The race’s WorldTour designation has prompted organizers to make the event more difficult. In its earliest editions, sprinters ruled the roost, but organizers added such climbs as the Corkscrew, back this year, and Old Willunga Hill to give the race a tougher edge. In fact, some sprinters say the race is too hard for them to rationalize making the long trip to Australia, and the likes of former winner André Greipel of Lotto-Soudal and Marcel Kittel of Etixx are steering clear this year.
“The Tour Down Under is a different race than it was 15 years ago,” Orica sport director Matthew White said. “This is as good as any race in the world right now. It’s January, but it’s very, very serious racing. There are no preparation races anymore on the WorldTour.”
Don’t think that teams are not taking the race seriously, however. Many squads not only see the Tour Down Under as a warm and comfortable way to open the season, but also as an important way to pick up early WorldTour points. A top-5 showing on GC can give a team some major points that can come in handy later down the line. At the end of 2015, Movistar pipped Katusha by just 15 points to secure the season-long title. At last year’s TDU, Movistar scored 80 points, compared to Katusha’s 1, so the Tour Down Under played a key role in Movistar’s third consecutive title.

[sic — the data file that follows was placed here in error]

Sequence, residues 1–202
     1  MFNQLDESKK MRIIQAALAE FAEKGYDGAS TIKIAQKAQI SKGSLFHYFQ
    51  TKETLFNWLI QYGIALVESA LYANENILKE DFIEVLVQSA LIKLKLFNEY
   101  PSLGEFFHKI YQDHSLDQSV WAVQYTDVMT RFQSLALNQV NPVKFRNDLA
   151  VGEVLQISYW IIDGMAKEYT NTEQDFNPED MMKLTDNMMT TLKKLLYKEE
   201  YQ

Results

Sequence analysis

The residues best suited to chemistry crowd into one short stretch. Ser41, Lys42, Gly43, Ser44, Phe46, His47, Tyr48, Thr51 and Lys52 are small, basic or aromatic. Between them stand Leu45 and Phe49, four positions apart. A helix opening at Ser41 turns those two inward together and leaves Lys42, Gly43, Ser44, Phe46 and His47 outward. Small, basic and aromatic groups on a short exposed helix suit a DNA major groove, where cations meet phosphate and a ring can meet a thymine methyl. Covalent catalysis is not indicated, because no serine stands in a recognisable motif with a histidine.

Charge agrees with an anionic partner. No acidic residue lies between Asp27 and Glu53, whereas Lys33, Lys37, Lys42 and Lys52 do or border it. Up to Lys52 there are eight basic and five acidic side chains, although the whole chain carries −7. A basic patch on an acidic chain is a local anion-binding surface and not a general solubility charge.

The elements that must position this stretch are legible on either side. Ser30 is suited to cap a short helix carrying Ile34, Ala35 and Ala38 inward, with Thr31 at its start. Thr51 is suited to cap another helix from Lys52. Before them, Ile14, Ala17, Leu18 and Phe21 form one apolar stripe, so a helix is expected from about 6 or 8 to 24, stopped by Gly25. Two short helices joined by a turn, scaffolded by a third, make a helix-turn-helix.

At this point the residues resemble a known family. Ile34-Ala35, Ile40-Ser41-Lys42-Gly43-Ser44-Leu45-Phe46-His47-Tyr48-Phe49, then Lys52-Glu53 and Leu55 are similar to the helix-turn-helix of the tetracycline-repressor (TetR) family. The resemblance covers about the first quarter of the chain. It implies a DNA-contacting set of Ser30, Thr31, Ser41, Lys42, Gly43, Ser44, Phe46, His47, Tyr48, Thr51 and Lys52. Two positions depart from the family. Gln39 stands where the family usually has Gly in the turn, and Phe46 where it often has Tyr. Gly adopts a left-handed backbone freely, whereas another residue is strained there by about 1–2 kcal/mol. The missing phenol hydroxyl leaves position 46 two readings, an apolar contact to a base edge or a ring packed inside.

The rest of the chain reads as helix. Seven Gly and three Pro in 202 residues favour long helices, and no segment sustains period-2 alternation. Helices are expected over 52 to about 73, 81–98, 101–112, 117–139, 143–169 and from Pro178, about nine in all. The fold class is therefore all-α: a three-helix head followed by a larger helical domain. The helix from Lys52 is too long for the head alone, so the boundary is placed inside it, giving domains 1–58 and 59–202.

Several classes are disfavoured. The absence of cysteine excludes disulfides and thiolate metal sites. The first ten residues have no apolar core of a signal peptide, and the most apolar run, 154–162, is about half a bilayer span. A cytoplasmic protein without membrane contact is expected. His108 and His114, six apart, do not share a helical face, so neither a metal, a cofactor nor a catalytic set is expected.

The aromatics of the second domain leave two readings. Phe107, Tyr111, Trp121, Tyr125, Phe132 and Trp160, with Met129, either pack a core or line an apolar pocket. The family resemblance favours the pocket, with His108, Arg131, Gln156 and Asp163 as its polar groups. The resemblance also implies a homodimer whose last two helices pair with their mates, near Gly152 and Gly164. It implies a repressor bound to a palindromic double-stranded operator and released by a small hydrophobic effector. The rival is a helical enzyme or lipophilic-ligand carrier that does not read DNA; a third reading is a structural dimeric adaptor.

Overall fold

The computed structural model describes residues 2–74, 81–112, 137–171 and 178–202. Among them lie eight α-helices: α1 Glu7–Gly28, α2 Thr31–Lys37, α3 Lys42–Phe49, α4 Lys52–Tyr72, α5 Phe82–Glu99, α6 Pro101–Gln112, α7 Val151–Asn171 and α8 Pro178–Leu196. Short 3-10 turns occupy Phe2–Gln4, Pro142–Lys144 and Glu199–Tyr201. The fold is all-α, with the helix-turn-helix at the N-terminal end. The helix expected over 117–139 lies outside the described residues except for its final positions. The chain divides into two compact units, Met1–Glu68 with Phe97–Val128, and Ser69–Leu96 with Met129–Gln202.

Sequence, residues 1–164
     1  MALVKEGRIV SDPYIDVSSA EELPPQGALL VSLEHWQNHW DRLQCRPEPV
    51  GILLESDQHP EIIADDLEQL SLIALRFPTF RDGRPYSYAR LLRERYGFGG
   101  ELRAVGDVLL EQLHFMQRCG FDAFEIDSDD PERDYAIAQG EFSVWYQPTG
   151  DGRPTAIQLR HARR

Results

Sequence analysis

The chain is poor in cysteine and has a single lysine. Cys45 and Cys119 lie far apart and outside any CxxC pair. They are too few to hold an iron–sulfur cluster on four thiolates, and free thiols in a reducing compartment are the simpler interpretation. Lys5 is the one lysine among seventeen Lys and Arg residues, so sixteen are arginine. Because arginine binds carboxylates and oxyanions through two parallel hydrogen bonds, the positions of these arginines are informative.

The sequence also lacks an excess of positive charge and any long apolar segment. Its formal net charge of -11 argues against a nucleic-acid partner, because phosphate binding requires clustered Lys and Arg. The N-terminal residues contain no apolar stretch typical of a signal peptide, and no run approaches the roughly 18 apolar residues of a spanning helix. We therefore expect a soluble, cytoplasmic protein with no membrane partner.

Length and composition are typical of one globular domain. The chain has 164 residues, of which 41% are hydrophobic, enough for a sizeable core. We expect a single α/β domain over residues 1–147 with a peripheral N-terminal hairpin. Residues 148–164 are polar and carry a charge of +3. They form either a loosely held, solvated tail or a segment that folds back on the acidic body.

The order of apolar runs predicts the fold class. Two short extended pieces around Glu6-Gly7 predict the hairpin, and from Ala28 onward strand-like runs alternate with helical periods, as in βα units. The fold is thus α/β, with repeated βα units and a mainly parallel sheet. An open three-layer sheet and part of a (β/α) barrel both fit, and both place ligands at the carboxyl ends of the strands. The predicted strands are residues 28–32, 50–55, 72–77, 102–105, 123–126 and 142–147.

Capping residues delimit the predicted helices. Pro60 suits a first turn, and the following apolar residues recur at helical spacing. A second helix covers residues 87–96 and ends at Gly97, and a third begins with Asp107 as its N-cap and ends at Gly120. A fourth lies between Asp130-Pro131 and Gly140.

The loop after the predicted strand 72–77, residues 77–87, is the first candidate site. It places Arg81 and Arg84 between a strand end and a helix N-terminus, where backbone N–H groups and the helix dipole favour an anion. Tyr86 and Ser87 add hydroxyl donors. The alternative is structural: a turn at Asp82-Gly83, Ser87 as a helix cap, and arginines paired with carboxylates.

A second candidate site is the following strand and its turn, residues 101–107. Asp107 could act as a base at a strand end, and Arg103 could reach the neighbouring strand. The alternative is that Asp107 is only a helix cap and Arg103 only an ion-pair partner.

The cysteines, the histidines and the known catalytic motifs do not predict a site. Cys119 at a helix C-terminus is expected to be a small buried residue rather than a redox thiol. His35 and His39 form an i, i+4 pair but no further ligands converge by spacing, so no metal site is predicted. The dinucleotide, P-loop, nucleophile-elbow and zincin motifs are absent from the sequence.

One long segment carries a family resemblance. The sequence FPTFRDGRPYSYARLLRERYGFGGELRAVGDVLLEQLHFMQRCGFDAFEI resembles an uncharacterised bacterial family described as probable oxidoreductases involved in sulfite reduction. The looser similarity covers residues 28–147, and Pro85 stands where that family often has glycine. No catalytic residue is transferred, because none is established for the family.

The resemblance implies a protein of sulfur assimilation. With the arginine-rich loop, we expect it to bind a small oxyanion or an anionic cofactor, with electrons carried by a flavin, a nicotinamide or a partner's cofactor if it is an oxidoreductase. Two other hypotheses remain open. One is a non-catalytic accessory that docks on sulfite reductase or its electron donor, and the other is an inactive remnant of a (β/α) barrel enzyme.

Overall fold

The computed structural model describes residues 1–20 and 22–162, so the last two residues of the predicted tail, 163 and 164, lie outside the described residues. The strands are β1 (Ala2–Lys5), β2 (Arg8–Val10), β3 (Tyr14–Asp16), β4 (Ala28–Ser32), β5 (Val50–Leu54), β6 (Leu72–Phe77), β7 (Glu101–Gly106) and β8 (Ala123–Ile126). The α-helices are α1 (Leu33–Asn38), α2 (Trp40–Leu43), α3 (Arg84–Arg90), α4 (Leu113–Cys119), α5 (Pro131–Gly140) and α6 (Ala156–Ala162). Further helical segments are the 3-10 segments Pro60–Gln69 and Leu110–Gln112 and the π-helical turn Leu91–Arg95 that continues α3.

Riders such as Sky’s Geraint Thomas and Ian Stannard and Astana’s Lars Boom say the TDU is an ideal way to ramp up for the spring classics, and all three are back this year. Ryder Hesjedal of Trek-Segafredo raced last year for the first time, and he’s coming back for more.
“It’s a great race to start the season,” Hesjedal said. “It’s warm, the roads are good, and it’s hard, without being too hard. It set me up well for going back to Europe.”